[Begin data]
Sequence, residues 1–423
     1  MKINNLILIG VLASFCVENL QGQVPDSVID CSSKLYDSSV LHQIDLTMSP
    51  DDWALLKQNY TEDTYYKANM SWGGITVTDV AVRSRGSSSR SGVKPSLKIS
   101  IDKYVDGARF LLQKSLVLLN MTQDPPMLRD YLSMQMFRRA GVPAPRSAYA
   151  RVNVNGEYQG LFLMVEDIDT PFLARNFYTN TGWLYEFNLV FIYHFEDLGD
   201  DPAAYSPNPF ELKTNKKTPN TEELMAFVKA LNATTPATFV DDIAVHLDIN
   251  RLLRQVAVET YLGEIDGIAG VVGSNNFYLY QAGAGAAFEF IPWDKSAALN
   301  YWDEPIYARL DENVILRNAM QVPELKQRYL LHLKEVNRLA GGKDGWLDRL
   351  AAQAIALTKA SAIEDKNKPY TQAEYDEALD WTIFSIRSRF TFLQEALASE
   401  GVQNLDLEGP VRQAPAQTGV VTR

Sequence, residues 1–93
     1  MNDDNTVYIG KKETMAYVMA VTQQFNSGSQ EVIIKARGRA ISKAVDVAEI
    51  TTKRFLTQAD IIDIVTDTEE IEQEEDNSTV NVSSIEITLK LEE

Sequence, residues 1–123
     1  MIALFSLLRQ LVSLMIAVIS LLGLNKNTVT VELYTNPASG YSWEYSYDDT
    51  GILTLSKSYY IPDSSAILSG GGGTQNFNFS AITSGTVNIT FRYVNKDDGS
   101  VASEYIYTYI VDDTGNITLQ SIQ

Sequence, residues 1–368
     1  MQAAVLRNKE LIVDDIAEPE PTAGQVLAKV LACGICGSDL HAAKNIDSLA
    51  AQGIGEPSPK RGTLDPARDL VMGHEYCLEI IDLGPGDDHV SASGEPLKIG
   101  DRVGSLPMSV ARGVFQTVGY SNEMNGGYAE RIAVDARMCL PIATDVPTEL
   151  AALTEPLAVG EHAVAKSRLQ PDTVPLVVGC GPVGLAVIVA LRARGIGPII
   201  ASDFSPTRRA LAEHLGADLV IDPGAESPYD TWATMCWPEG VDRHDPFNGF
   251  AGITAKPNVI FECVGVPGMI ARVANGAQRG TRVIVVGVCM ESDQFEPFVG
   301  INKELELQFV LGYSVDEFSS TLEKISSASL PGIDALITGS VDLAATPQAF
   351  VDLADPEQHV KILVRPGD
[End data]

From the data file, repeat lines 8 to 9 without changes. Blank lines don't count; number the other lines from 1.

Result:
   301  YWDEPIYARL DENVILRNAM QVPELKQRYL LHLKEVNRLA GGKDGWLDRL
   351  AAQAIALTKA SAIEDKNKPY TQAEYDEALD WTIFSIRSRF TFLQEALASE